Maybe this is a stretch. After all, the Montreal Canadiens handed Colorado what amounted to three Stanley Cups when they traded goalie Patrick Roy to the Avalanche in December 1995.
continued… *a look at a few other “worst ever” trades around the NHL, plus a closer look at what’s happened in Florida
from the Palm Beach Post,
Former Panthers goaltender John Vanbiesbrouck and Terry Crisp, a former player and coach who’s now the Predators’ TV analyst, have noticed a slip in the enormous confidence that helped make Vokoun one of the league’s top 10 goalies.
“He’s had a lot of things happen the last couple years: the blood disorder, the thumb injury,” said Vanbiesbrouck, now a national broadcaster who worked Tuesday night’s Toronto-Carolina game for Versus. “Talking to him after all that, I thought everything was fine. Then I started focusing on him and saw he was a lot further back in the net than he had been.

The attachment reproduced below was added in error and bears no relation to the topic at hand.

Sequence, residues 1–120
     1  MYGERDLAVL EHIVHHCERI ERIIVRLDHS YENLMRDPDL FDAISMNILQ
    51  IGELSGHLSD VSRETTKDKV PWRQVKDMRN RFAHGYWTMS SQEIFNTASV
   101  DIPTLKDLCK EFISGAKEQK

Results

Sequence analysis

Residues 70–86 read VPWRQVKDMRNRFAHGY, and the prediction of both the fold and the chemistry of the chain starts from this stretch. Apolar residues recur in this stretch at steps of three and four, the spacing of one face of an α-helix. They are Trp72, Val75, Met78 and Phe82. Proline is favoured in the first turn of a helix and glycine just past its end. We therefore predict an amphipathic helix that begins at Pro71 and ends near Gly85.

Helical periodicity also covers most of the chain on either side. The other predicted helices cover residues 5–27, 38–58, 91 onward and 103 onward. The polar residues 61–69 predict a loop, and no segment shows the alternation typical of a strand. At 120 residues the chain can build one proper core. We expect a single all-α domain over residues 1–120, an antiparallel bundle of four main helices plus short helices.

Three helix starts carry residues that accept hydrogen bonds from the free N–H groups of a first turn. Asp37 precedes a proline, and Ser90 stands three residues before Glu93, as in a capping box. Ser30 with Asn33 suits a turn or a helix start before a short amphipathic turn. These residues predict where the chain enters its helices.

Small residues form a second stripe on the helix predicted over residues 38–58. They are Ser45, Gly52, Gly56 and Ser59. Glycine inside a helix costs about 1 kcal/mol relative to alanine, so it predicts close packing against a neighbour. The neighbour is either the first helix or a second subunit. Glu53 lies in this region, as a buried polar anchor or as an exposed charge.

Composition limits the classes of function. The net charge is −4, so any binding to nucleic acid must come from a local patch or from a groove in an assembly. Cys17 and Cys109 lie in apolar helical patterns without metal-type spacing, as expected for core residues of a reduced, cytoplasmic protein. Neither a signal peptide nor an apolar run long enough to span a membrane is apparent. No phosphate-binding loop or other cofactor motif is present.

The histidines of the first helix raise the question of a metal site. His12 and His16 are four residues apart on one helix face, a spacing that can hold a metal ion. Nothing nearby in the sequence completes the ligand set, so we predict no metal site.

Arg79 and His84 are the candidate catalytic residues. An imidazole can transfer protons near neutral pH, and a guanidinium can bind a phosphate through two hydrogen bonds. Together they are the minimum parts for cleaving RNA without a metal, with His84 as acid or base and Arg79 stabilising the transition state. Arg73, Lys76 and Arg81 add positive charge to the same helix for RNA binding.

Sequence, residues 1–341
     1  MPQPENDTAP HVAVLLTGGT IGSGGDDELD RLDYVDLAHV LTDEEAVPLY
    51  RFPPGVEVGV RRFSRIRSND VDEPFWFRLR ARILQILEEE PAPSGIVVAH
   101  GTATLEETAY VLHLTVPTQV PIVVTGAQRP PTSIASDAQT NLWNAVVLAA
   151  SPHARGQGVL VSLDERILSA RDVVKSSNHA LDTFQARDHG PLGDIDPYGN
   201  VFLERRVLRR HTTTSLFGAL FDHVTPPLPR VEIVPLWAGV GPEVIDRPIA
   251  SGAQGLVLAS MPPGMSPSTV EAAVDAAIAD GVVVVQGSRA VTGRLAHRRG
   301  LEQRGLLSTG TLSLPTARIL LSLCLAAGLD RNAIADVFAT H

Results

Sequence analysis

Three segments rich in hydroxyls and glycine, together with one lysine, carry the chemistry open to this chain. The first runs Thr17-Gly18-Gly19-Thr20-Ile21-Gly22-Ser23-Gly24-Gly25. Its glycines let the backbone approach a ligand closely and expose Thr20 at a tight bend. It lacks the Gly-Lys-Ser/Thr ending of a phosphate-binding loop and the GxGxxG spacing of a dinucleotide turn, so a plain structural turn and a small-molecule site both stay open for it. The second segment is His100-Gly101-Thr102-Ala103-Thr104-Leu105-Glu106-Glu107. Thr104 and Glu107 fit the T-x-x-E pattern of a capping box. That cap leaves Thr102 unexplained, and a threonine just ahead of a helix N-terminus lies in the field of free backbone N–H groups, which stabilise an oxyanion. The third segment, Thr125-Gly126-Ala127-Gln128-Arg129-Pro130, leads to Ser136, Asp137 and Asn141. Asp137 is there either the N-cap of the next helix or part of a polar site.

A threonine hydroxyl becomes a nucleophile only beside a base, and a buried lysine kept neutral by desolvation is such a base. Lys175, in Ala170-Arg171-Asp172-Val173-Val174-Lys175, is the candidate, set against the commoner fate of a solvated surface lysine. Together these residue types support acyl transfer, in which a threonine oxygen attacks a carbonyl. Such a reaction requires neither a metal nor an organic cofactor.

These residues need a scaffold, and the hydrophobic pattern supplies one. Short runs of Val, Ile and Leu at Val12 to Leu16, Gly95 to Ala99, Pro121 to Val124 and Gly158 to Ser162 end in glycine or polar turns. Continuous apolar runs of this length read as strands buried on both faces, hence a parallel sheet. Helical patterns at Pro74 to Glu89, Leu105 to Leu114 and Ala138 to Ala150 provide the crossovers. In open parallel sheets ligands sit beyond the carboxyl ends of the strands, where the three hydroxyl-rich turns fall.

“Before, he had been personified as a real rock - a guy who would challenge shooters and was hard to score on in the third period. Now he gives up four goals (to the Rangers) in the third his first game out.”
from Dan LeBatard of the Miami Herald,
Q | Philosophy to live by?
A | ``Fair and simple. Do right.’‘
Q | Most moved you’ve ever been by hockey?
A | ``Winning the gold medal in 2002 in Olympics with Canada. For 50 years, Canada hadn’t won. Coaching the best players in the game at the top of the sport and winning for your country. I didn’t cry, but it was very touching.’‘
From Steve Gorten at the Sun-Sentinel,
Jacques Martin has never publicly said, and probably never will, that trading Roberto Luongo was a mistake, despite how it shook the Panthers’ organization.
Martin ultimately gave his approval of the trade to then-General Manager Mike Keenan not because he wanted to — Luongo was the reason Martin chose to coach the Panthers instead of the Coyotes — but because he felt he had no other choice after contract negotiations with the star goalie grew too contentious.
So Martin, the coach, made do with Alex Auld and Ed Belfour in goal. In June, Martin, the general manager, made a major move to stabilize that position and this franchise: He traded three draft picks to the Nashville Predators for goalie Tomas Vokoun.